From Namath to Norwood, dramatic moments enter Super Bowl lore
By Jahmal Corner
(Reuters) - From Joe Namath raising his finger toward the sky to David Tyree’s “Helmet Catch”, the Super Bowl is a history book of indelible moments that lead to next Sunday's 50th edition.
When the Carolina Panthers and Denver Broncos face off in Santa Clara, California, the suspense will be palpable. Will we see a historic performance? A thrilling finish? A controversial mishap?
The sport's biggest show has produced all of the above. Created as a deciding crown between the National Football League and American Football League champions, in 1967, Vince Lombardi’s Green Bay Packers captured the first two played, earning a place in lore and the famous coach’s name on thetrophy.
But it was Namath, the New York Jets quarterback with movie star bravado and good looks, who catapulted the event forward in 1969 when he guaranteed his underdog Jets would beat the Baltimore Colts, and then delivered a 16-7 triumph. The image of Namath running off the field with one finger raised endures, and the magic of the Super Bowl only heightened when the AFL and NFL officially merged in 1970.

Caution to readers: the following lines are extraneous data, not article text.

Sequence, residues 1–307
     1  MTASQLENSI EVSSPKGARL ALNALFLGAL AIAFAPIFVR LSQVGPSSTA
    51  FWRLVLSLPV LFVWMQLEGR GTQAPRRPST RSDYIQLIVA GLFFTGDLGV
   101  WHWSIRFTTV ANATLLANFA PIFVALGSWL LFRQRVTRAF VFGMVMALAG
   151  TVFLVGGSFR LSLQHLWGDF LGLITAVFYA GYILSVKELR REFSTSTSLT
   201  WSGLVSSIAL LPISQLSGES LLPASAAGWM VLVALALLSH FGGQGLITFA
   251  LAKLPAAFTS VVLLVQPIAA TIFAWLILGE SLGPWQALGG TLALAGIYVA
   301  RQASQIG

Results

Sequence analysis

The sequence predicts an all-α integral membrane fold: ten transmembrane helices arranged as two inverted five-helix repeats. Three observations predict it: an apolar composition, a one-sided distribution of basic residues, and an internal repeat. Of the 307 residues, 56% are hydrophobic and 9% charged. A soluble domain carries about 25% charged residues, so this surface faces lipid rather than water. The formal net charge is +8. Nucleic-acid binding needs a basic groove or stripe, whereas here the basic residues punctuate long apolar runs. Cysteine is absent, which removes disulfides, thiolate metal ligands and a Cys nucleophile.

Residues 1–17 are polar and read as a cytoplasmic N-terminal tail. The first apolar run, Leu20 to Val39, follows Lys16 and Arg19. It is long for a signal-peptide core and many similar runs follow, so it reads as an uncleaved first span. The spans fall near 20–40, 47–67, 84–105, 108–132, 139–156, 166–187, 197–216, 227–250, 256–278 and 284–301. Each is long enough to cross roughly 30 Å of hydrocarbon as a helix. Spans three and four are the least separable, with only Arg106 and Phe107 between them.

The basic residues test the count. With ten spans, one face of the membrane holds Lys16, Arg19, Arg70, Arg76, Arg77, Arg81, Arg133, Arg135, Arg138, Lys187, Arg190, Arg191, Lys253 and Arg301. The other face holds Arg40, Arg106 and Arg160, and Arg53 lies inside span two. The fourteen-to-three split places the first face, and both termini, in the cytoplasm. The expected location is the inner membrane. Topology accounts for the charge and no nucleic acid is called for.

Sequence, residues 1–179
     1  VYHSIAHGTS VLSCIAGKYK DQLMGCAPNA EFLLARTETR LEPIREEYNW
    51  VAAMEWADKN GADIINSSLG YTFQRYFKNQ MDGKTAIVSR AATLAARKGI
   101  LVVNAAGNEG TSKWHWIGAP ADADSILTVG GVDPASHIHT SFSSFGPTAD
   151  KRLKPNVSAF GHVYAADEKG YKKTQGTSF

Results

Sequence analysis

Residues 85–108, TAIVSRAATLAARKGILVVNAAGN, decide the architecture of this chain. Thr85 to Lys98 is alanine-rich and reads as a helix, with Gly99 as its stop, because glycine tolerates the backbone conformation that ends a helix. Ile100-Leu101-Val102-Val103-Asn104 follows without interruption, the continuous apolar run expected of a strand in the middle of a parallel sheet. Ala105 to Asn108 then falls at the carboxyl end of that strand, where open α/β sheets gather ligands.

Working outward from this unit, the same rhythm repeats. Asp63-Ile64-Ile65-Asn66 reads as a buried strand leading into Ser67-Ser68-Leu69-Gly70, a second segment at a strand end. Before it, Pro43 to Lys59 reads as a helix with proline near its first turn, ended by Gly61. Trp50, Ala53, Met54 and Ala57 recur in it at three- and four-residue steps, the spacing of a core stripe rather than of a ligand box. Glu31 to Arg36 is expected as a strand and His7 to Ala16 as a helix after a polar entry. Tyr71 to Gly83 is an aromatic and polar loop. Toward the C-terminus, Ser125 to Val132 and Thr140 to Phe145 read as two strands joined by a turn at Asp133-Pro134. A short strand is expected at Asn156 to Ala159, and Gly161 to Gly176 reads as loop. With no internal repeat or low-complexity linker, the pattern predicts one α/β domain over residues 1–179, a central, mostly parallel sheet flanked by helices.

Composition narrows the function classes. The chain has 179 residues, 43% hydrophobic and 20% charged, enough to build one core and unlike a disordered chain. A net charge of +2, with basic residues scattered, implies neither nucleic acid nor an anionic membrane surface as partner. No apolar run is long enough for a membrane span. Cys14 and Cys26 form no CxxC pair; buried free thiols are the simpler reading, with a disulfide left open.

The 1972 Miami Dolphins cemented their status as the standard by which all teams are measured, when they beat the Washington Redskins in Super Bowl VII to cap a perfect 16-0 season.
The undefeated campaign is a distinction nearly matched by the 2007 New England Patriots, who entered Super Bowl XLII at 18-0 before the New York Giants upended them 17-14.
Giants wide receiver Tyree pinned a catch to his helmet on the deciding drive to seal the fate.
But every ending has not been a fairytale one. Buffalo Bills kicker Scott Norwood’s name was made infamous when he missed a 47-yard field goal that gave the New York Giants a 20-19 triumph in Super Bowl XXV, one of the greatest ever played. Continued...